• A Closer Look
The first thing one might notice about the City’s Performing Arts Centre Task Force is its size, with no fewer than 12 members tasked with finding a downtown location for a new theatre.
Back on April 22, council authorized the creation of three task forces to deal with pressing concerns: the Affordable Housing Task Force, the Market Precinct Task Force, and the one looking for a new theatre site. A recent memo to council provided an update detailing the number of times the committee has met, four to date, as well as progress in the search for a new location.
As might be expected, members concur that the new location should remain the address of the old one: the Fisher Auditorium at 125 Dunlop Street East.
Readers might recall the City’s plans to renew the Fisher Auditorium into a state-of-the-art 650-seat theatre/400-seat event centre; the old one sat adjacent to the now-gone Barrie Central Collegiate as a hub for a variety of performances. At least that was the idea before COVID-19 shut down many parts of the economy, including the entertainment/tourism sectors. The prospect of dwindling audiences and rising costs led council to abandon plans to remake the auditorium.
That didn’t mean abandoning plans for a theatre to replace the Fisher and the closed Georgian Theatre.
“The outcome of the Task Force’s work will be the development of a complete project plan, including appropriate key milestones, necessary to execute it including validation of the site location and key needs for the centre necessary to inform its design; establishing a budget, and overall fundraising targets. It is anticipated that the mission/purpose will be fulfilled by the end of 2021 and that members will remain on the Task Force until that time,” reads the report.
Ideally, a new performing arts centre would be built alongside a convention centre, as envisioned in the initial vision, and articulated by Ward 2 councillor Barry Ward last November.
“We are missing out on economic opportunities. Thousands of Barrie residents, at least before the pandemic, were spending a lot of money on conferences which helped other municipalities. We need to get some of those dollars back. I’m confident conferences will return in the future. It’s also worth noting that, even without a conference facility, Barrie needs a performing arts centre to replace the aging Georgian Theatre. Having a conference facility attached would help the performing arts centre, but it wouldn’t depend on it.”
The idea of a connected performing arts/conference facility appears to have been sidelined in the new search, at least for now. Who knows if plans for a conference centre will resurface later, perhaps in partnership with a developer in the downtown core. Maybe, maybe not.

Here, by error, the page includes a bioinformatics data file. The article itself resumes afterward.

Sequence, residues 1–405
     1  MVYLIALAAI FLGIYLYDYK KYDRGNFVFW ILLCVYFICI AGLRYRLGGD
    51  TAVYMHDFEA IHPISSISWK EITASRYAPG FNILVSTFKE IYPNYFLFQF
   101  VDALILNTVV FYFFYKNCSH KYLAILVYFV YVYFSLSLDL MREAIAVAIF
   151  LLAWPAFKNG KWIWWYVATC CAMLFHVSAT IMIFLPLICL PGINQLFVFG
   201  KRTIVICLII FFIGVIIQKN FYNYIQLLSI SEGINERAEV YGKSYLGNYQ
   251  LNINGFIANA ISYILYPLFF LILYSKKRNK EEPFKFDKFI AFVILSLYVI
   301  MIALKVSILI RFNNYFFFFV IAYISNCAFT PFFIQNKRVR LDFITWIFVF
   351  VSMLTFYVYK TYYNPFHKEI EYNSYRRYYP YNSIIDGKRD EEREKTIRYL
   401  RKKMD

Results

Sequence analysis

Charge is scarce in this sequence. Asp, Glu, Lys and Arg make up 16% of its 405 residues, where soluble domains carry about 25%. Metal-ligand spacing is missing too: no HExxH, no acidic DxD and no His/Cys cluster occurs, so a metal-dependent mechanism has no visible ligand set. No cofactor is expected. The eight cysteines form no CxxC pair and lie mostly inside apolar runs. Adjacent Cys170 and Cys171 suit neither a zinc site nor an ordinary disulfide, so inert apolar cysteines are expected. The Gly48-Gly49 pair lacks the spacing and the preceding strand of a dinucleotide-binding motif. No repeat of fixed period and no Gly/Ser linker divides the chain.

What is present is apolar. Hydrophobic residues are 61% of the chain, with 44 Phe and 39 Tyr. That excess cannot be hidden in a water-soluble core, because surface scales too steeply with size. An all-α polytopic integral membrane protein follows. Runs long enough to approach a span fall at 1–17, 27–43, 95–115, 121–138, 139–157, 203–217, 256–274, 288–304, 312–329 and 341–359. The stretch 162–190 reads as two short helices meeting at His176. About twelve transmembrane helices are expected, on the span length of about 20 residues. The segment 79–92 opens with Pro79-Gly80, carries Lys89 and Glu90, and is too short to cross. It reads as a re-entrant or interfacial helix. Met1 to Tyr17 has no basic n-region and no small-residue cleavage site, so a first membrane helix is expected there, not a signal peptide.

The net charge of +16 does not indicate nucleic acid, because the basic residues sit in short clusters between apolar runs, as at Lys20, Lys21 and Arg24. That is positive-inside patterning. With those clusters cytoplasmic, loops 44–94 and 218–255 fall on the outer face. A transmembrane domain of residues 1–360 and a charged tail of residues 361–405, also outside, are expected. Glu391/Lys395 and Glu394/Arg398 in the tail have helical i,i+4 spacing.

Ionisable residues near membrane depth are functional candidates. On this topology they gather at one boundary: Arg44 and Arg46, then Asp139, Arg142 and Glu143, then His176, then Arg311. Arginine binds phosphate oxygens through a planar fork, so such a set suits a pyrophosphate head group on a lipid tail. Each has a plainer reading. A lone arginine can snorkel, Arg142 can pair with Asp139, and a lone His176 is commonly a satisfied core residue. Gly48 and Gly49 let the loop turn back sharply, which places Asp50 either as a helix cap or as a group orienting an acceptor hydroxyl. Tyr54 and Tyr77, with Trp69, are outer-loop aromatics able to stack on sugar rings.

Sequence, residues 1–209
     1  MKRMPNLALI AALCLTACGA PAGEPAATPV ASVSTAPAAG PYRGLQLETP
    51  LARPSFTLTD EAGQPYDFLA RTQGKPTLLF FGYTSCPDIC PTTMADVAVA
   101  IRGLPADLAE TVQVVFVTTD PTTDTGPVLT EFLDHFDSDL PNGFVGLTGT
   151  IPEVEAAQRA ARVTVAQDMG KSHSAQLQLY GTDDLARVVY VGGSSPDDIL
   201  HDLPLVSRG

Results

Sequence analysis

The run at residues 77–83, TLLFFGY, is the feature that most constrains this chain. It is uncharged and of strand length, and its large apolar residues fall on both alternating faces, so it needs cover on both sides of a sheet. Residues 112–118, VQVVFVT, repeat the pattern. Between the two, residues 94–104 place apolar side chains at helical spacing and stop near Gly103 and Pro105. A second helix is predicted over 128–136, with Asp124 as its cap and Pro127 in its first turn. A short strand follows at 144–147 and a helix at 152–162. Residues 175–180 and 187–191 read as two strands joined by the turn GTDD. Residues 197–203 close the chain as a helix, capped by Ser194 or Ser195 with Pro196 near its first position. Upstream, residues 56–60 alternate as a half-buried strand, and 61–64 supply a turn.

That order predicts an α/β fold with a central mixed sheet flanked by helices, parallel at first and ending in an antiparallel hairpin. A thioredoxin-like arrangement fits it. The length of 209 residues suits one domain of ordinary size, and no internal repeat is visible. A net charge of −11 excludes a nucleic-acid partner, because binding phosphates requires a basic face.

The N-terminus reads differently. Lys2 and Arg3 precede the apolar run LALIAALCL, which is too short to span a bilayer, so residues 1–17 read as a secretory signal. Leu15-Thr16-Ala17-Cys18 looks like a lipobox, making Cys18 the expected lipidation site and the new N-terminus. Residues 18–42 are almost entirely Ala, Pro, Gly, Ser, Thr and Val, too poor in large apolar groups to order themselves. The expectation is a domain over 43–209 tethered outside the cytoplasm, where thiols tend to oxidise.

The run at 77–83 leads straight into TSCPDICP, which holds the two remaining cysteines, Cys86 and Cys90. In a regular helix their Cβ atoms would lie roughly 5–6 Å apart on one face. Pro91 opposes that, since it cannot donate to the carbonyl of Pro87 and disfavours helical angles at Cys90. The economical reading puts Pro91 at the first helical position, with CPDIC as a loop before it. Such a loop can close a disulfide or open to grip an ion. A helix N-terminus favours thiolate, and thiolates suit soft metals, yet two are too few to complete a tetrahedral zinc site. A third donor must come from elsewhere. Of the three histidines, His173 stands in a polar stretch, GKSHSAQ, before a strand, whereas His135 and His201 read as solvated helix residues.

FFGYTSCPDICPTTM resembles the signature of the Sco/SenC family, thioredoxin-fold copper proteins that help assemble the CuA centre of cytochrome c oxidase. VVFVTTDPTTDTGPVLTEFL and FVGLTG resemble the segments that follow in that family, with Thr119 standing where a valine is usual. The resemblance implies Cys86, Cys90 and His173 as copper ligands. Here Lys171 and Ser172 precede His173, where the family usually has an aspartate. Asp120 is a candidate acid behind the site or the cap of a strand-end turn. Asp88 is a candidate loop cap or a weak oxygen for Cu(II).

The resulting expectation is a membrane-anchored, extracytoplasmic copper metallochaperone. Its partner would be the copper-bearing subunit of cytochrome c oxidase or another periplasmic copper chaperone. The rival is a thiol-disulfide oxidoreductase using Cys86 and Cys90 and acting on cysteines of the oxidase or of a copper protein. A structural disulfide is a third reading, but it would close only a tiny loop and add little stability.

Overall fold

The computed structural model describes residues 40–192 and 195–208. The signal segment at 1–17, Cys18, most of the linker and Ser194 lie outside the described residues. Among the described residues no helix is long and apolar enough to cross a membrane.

Considering the task in front of them, 12 members might well be a workable number. They have been split into working groups, each responsible for different aspects of the project and reporting back to the larger group. They are:
• Working Group 1: Purpose is to develop a scope of work for an architect that is based on the input of all user groups and the needs of a growing city
• Working Group 2: Purpose is to garner community feedback and develop marketing and communications messaging to help obtain community support for the performing arts centre. This will include a public input presence on the city website and by phone as per council direction
• Working Group 3: Purpose is fundraising
The next communication from staff is expected in September, via a memo in council. The other two task forces are following the same timelines. A main theme of the initiative is helping the community recover from the pandemic by developing tourism opportunities.
The strategy harkens back to previous efforts to strengthen the local economy through the building of what economist Richard Florida called the ‘creative class,’ entrepreneurial professionals who pick a place to live based on available amenities that include cultural opportunities like performing arts centres. Back in October 2009, he was invited by local community and business leaders to share his thoughts, based on his then best seller, Who’s Your City, on how to make Barrie attractive to that creative class, benefiting from the economic spinoffs that a culturally evolved city might provide.
It’s about creating a sense of place where people can live, work, and play (complete communities), key factors in stimulating economic growth, he said then. It’s a message that continues to resonate in Barrie, past and present. Other connected efforts included the 2006 report, at a cost of $350,00, from Montreal-based commercial master planner Patty Xenos that called for the development of a downtown brand through the growth of five distinct districts: a culture node on Mulcaster, centred by the McLaren Art Centre; an entertainment district on Dunlop Street West; the creation of a downtown façade facing the bay, along with a mews featuring cafes and shops; a piazza of sorts to spur public use of Memorial Square; and a business zone on Collier Street.
And, back in 2011, the downtown BIA engaged the services of urban ‘renewalist’ Roger Brooks to help create a brand for the city centre. Among other measures, he advocated for an enhanced public use of Memorial Square, and a downtown hotel with a conference centre.
All of this is just a reminder that the search for that sense of place, and space, that defines the complete community is an ongoing process. Long-time Barrie residents might remember the drive to put a performing arts centre on the so-called H-block lands, where the downtown library now sits. Progress has been made; Meridian Place and the downtown streetscape project are prime examples. Building the long-sought performing arts centre will be another step along that long road.